By Glenn Crooks
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One could comprehend the frustration for Toronto FC coach Greg Vanney.

Following a 2-0 loss to New York City FC on Wednesday night, the Reds have failed to win a road match since defeating D.C. United on June 7, and it was TFC’s third successive defeat.

“It’s borderline ridiculous,” said the second-year coach about playing at Yankee Stadium. “It would be a perfect field for 12 year olds.”

While coaches around Major League Soccer have expressed their disappointment with the dimensions of the stadium (110 x 70), few have provided lingering postmatch comments which have supplied excuses rather than accountability.

“There were so many times in that game where their defenders were so close together,” he continued. “The game is so much about space and time that on a shoebox-sized field, a lot of those things go out the window.”

Did Vanney fail to review the film from the two previous matches against NYCFC this season?

On June 21 at BMO in Toronto, New York City sought to defend leading MVP candidate Sebastian Giovinco with physical encounters and constant numbers around the ball. David Villa scored twice, but it was the energy and tactics on defense that proved critical in the 2-0 road victory, just the fourth win in franchise history.

On July 12 at Yankee Stadium, the capacity crowd witnessed a wide open, 4-4 draw. Giovinco managed to find enough space on the “perfect field for 12 year olds” to score three times with multiple opportunities beyond the hat trick.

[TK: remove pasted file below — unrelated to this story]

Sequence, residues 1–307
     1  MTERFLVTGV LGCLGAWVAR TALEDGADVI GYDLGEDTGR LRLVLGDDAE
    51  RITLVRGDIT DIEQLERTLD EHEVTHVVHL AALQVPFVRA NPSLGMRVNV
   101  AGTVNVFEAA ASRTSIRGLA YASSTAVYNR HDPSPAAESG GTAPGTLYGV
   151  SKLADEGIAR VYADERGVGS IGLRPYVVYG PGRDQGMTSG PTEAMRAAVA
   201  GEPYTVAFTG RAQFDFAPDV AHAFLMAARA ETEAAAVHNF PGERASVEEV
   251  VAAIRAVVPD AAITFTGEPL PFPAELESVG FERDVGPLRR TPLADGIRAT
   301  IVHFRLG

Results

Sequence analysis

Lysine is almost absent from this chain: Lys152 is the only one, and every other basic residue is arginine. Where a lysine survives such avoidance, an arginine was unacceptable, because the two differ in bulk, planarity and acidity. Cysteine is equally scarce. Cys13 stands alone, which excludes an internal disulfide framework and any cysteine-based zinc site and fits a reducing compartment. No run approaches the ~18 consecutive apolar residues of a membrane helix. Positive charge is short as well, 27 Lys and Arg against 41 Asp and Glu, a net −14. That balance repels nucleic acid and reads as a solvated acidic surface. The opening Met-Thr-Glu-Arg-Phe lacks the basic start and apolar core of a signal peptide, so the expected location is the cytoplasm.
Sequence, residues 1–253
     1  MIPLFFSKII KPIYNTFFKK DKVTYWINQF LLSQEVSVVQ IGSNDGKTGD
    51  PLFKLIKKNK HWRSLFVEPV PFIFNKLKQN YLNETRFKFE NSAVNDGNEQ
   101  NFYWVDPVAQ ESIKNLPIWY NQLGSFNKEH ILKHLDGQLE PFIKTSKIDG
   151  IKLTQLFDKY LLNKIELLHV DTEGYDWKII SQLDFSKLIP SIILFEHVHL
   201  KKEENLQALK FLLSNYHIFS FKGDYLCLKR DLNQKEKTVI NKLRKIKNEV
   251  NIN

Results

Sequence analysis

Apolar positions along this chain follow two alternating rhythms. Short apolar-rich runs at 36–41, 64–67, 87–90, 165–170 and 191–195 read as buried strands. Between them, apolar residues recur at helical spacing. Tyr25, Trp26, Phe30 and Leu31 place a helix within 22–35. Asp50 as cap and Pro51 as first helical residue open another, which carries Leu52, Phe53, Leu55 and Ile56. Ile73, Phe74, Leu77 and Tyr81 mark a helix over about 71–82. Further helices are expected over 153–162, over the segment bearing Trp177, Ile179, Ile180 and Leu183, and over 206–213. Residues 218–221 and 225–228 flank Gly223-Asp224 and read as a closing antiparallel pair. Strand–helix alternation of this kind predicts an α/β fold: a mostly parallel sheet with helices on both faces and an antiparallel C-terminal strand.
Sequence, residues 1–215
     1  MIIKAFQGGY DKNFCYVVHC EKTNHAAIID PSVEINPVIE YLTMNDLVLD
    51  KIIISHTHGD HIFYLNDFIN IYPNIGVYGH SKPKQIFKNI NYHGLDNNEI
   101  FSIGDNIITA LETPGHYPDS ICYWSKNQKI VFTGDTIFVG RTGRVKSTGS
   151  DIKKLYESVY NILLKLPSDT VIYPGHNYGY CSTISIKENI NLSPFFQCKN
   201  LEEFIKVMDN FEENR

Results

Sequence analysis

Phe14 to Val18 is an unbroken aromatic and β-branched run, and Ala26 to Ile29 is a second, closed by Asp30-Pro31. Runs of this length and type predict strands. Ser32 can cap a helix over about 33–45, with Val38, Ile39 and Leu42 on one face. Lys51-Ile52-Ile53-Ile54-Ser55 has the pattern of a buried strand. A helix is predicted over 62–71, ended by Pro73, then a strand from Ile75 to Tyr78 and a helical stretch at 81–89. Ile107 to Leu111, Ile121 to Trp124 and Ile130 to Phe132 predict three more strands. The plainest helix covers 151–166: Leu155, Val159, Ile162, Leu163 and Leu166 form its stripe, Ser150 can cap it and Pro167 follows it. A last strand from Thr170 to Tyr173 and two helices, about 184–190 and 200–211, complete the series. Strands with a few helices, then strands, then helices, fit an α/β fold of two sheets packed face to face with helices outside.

New York City FC coach Jason Kreis made an odd tactical change in that goal-laden match at the Stadium. He changed his team’s shape from the 4-2-3-1 that suffocated Giovinco in Toronto to a 4-4-2 with a diamond in the midfield. Consequently, Gio found more gaps in the defense and was free to dictate the tempo of the match.

On Wednesday night, Kreis reverted to the shape that included a pair of defensive midfielders. Andrew Jacobson and Andrea Pirlo managed to contain Gio (six shots, three on frame), the only MLS player this season with double-figure goals and assists (17 goals, 13 assists).

Clearly, the size of the pitch at Yankee Stadium provides a challenge, but to assert that it is not possible to open up the game, which was Vanney’s claim on Wednesday night, is ludicrous. He had the film to prove it.

Anyone attached to the New York City team has a robust desire to secure a soccer-specific stadium deal — and soon. However, the issue of overcoming the demands at Yankee Stadium lies in the level of player in MLS.

This is the first year I have closely evaluated the teams and players in the league. Undoubtedly, there are few players who are comfortable on the ball — especially at the back — without the technical prowess to solve pressure.